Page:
Pacquiao-Hatton: Four misconceptions
Manny Pacquiao stops on the red carpet for a television interview as actor and boxing fan Mark Wahlberg strolls by Monday in Hollywood, Calif. Photo / Chris Farina-Top Rank
HOLLYWOOD, Calif. – As silly boxing news conference themes go, this one was fairly appropriate.
Manny Pacquiao and Ricky Hatton – the two biggest stars in boxing now that Oscar De La Hoya has declined – walked the red carpet as if taking part in a film premier as a few thousand star-struck fans lined both sides of Hollywood Boulevard on Monday evening.
And like the opening of a movie, complete with searchlights, onlookers jumped up and down with excitement as their idols made their way into the historic Roosevelt Hotel for a news conference to promote their May 2 fight in Las Vegas.
“Manny! Manny!” dozens or even hundreds of Filipinos screamed as their beloved countryman – boxing’s greatest fighter pound-for-pound – walked by and waved.
Once they stepped into the hotel, though, focus shifted at least in good part from the glitter of Tinseltown to warfare in the ring.
And among so many intriguing comments made by both fighters, as well as their trainers and promoters, what stood out most for me was this: Several statements I believe to be misconceptions about themselves or the opposing fighter.
Here are four head-scratching statements – two by each camp – and why they might be misguided:
1. Statement: Ricky Hatton was asked repeatedly how he could expect to cope with Pacquiao’s now-legendary speed and each time he had the same answer: “They said the same thing about Paulie Malignaggi, how he was too quick for me and how he was going to outbox me. And look what happened in that fight.”
Where he went wrong: Many experts did favor Malignaggi in their November fight, in which Hatton won by 11th-round TKO. Hatton’s mistake is equating Malignaggi in any way to Pacquiao. Malignaggi is a fairly quick-handed, capable fighter. However, one thing opponents often say after fighting Pacquiao for the first time is they underestimated his amazing hand speed, not to mention his foot speed. And Pacquaio’s not just a capable fighter; he’s a great fighter, perhaps one of the best ever. Like so many before him, Hatton might be very surprised on May 2.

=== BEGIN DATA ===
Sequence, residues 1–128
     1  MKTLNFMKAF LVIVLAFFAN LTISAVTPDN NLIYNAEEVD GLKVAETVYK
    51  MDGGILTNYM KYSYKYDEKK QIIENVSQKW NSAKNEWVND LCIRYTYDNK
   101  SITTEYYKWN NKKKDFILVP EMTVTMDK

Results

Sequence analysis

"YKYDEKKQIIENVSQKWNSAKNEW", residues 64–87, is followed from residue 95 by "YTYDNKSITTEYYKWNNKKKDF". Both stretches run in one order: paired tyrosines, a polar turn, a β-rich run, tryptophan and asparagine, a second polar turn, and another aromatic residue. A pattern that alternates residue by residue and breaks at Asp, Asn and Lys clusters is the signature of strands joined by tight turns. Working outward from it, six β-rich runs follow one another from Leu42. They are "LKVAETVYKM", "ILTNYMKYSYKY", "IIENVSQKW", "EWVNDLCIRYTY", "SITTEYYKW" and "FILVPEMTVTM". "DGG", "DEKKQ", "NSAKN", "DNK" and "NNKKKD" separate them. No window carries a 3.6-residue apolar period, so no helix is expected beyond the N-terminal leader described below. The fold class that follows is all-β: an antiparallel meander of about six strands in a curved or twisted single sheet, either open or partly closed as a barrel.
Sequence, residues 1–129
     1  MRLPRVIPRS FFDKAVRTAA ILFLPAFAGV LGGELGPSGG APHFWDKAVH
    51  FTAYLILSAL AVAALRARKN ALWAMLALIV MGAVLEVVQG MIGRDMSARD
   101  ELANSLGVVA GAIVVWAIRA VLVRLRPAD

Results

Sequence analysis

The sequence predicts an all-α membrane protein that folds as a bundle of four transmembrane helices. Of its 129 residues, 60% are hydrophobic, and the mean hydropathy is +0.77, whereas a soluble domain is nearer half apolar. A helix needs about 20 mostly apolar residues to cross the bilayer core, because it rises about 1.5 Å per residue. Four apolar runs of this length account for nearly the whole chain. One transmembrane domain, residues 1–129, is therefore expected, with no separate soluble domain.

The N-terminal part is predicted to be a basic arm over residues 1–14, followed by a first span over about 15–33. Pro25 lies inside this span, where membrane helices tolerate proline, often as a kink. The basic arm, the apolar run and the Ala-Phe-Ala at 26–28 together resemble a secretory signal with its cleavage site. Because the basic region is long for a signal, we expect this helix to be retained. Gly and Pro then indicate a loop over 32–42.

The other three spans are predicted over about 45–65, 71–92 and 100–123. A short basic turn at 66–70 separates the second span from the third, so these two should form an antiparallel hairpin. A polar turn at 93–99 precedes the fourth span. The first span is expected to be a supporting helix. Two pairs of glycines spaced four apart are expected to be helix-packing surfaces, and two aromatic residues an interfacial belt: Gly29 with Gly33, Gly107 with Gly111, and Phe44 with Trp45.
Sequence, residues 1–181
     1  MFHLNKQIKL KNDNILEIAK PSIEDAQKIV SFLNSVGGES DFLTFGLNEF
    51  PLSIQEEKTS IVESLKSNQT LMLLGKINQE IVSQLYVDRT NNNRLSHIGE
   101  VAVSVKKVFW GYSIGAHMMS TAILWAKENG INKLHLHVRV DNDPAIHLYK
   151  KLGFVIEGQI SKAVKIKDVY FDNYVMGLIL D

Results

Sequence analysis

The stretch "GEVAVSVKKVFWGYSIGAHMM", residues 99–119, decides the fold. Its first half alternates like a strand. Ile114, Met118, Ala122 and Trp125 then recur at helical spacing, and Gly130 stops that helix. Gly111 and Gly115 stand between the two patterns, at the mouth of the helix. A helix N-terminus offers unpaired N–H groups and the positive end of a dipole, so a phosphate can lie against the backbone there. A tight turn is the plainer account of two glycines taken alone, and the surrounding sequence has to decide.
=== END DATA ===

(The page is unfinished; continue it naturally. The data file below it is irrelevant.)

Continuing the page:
2. Statement: Pacquiao was asked immediately after he stepped off the red carpet how he felt about the common perception that one reason Oscar De La Hoya lost so miserably to Pacquiao was that he lost too much weight. He became as rankled as he gets. “Alibis,” said Pacquiao, his way of saying excuses. “It’s not good, it’s not good.”
Where he went wrong: Pacquiao deserves all the credit in the world for a magnificent victory over the sport’s then-greatest star in December. He did what he had to do – and then some. However, the reality is that a depleted De La Hoya stepped into the ring that night; he had nothing. And it wasn’t just age or wear and tear. He could barely throw punches. Thus, while the victory was an important moment in Pacquiao’s career, we shouldn’t read too much into it. It was as if he were fighting a fringe contender at best. As Hatton said, “You know boxing. Is that the De La Hoya we’ve come to know? I don’t think so.” The rough, tough — and wily — brawler Pacquiao will face on May 2 will present a much bigger challenge.
3. Statement: Hatton is obviously irked that people keep asking him whether he can handle Pacquiao’s power after the manner in which the Filipino took apart David Diaz in June and De La Hoya. Pacquiao, he said, should be wary of his power because he’s the natural 140 pounder while Pacquiao started as a flyweight. He was asked whether he believes Pacquiao has lightweight (135 pounds) power. “I don’t want to say too much because I don’t want it to come back and bite me in the ass but, I mean, I would say so.”
Where he went wrong: De La Hoya said flat out that Pacquaio didn’t have much power at 147 pounds; if he had, De La Hoya feels he would’ve been knocked out cold. However, Pacquiao did hurt De La Hoya enough that the Golden Boy had to hold the top rope to remain upright in the seventh round. And, at 135 pounds, Pacquiao pounded Diaz – who is very durable, if little else – into submission. That’s only one weight class below 140. Pacquiao probably doesn’t have one-punch knockout power at junior welterweight, particularly against a sturdy opponent like Hatton. The Filipino does have the power to hurt Hatton if he puts his punches together, though. Don’t be surprised if Hatton ends up flat on his back with the referee waving his arms overhead.
4. Statement: Freddie Roach, Pacquiao’s trainer, was asked point-blank whether this would be a hard fight for his prot├®g├®. He shook his head. “No, it’ll be easy,” he said. “His defensive skills are too weak; he’s too easy hit. And he’s had problems particularly with southpaws [as Pacquiao is]. Look at the (Luis) Collazo and (Juan) Urango fights.”
Where he went wrong: Roach, who looked like a genius after the De La Hoya fight, might prove to be right. Pacquiao might be too fast for Hatton and overwhelm him. That’s not difficult to imagine. At the same time, this just doesn’t smell like an easy fight for either fighter. Hatton is a natural 140 pounder who knows how to impose his will against other natural 140 pounders. It’s not difficult to imagine him being too big and strong for Pacquiao, who started his career at 106 pounds and has fought only twice over 130 pounds – against Diaz at 135 in June and De La hoya at 147 in December. And, again, those fights didn’t prove much.
Michael Rosenthal can be reached at [email protected]